“Why didn’t you answer me when I was looking for you?” I demanded, crossing the room fast, relief and anger mingling in a way that I had never felt before becoming a parent, “You scared the sh – the heck out of me! How’d you fit behind that couch?”
“What?” he said with a frown, shadows under his eyes. Had he slept at all the night before? Or had he spent it all sitting in front of that wall or behind the couch? I eyed the narrow gap between the wall and the furniture. How had he fit behind the couch? His gaze traveled from my face to the window, the sunshine, and he looked shocked. “Is it daytime?” he asked.
I felt my brows draw together. “C’mon, man, don’t ask questions like that. You’re looking at the window, you tell me if it’s daytime.”
“How is it daytime?”
I tried to talk to him about hiding from me, then, about what kinds of jokes are funny to play and what kinds aren’t, but he wouldn’t admit that he’d been playing a joke on me at all. In the end he wound up losing his temper, and had to have a time out.
I wish now that I had listened. But who would have? Who would have listened to made up excuses about going through an invisible door in the middle of the night? Nobody. It wasn’t my fault.
But two weeks ago when I came downstairs in the morning there was dirt on the floor next to that damn wall, ground into the carpet with bare footprints. Partially crushed in the dirt was a narrow green leaf and half of a wilting flower. We don’t keep potted plants in our house – between the cat and my husband’s terrible hay-fever, we just can’t. And it’s February. Where did the leaf and the flower come from? Not from around my house, it’s still snowing half the time. When my son came downstairs for breakfast not long after, his feet were dirty and he either wouldn’t or couldn’t tell me how this had happened.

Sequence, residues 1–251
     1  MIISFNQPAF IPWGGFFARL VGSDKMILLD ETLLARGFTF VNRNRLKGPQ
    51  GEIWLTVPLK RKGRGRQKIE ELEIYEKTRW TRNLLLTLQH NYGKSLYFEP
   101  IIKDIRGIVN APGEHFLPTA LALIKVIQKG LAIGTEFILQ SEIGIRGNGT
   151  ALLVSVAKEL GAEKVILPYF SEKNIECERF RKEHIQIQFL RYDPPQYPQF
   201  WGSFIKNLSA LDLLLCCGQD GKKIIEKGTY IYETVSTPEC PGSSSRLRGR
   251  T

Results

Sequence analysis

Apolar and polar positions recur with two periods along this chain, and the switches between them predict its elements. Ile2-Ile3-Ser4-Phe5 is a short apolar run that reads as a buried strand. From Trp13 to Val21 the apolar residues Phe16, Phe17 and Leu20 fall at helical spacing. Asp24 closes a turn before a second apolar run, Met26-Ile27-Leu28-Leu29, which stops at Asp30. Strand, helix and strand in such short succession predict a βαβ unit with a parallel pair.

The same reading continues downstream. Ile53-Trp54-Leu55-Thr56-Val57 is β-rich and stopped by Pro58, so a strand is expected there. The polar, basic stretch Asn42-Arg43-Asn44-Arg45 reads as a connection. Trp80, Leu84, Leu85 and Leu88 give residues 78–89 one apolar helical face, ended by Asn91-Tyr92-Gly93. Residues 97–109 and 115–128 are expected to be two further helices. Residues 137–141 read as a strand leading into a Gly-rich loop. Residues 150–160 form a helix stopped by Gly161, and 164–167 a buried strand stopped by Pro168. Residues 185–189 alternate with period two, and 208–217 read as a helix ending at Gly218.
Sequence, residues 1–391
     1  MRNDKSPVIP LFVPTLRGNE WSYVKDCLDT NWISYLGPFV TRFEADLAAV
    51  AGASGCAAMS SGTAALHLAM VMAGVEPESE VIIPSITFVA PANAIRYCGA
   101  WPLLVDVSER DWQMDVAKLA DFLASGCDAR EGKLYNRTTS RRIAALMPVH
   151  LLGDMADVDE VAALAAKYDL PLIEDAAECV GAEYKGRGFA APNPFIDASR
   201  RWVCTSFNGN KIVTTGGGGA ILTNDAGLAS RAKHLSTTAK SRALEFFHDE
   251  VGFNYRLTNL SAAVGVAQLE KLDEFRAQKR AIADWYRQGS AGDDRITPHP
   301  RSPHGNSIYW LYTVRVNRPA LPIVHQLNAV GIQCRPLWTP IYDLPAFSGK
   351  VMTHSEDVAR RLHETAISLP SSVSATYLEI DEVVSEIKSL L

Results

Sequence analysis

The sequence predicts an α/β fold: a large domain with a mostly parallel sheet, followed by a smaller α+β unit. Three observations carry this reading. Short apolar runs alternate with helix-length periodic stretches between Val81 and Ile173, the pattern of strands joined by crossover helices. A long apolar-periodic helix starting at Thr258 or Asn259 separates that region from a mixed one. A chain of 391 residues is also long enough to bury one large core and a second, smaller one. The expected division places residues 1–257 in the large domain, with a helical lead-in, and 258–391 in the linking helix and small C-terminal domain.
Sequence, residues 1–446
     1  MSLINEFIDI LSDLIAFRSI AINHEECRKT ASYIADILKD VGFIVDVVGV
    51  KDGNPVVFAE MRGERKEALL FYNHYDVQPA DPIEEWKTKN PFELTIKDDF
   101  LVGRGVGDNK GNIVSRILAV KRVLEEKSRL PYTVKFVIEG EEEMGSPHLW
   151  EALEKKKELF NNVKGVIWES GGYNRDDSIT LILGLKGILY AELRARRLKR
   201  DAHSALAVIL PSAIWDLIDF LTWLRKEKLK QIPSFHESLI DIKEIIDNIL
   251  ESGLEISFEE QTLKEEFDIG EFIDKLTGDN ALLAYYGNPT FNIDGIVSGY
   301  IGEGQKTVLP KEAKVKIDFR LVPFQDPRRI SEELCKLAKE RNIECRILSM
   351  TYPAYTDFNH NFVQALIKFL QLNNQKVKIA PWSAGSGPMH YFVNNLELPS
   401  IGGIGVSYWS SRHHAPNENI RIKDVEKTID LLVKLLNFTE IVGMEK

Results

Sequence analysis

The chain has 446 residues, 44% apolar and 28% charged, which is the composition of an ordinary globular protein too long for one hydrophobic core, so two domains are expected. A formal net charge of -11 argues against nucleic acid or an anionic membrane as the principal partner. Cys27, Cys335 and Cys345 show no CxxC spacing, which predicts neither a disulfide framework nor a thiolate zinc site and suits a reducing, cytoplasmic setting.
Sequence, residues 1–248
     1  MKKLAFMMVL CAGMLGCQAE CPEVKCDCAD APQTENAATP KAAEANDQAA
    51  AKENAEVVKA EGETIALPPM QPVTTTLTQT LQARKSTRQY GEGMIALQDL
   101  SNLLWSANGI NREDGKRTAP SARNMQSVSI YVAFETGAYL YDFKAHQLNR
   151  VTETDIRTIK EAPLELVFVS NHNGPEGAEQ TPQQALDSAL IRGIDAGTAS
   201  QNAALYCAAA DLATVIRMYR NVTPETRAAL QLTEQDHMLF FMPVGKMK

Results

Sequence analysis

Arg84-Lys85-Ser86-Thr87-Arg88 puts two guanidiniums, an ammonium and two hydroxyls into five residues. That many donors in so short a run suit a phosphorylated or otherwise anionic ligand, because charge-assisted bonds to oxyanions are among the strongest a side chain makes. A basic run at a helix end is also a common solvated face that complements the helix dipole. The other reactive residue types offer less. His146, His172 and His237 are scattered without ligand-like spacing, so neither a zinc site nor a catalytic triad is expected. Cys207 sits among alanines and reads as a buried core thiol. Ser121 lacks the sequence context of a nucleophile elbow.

When something in the world isn’t making sense, most people either try to force it to fit in with what they know, or they ignore it. I was still vacillating between the two when I saw the door at last. Between his sneaking out of the room and his behavior lately, I had decided to dig up my son’s old baby monitor and plug it back in. So a week ago when he woke up and left his room at three in the morning, it woke me up.
I crept to my bedroom door and turned the knob as slowly as I could, eased the door open just enough to peer out, and watched my son close his own bedroom door almost as slowly and quietly. He had a flashlight in one hand, a gift from my mom, but it wasn’t turned on yet. He navigated the house in the dark, fearless. I followed. When he was a fitfully-sleeping baby I’d memorized where every creaky part of the floor was, and I was able to move silently behind him. I wanted to catch him in the act of doing whatever mysterious rule-breaking he was doing and just handle this problem once and for all.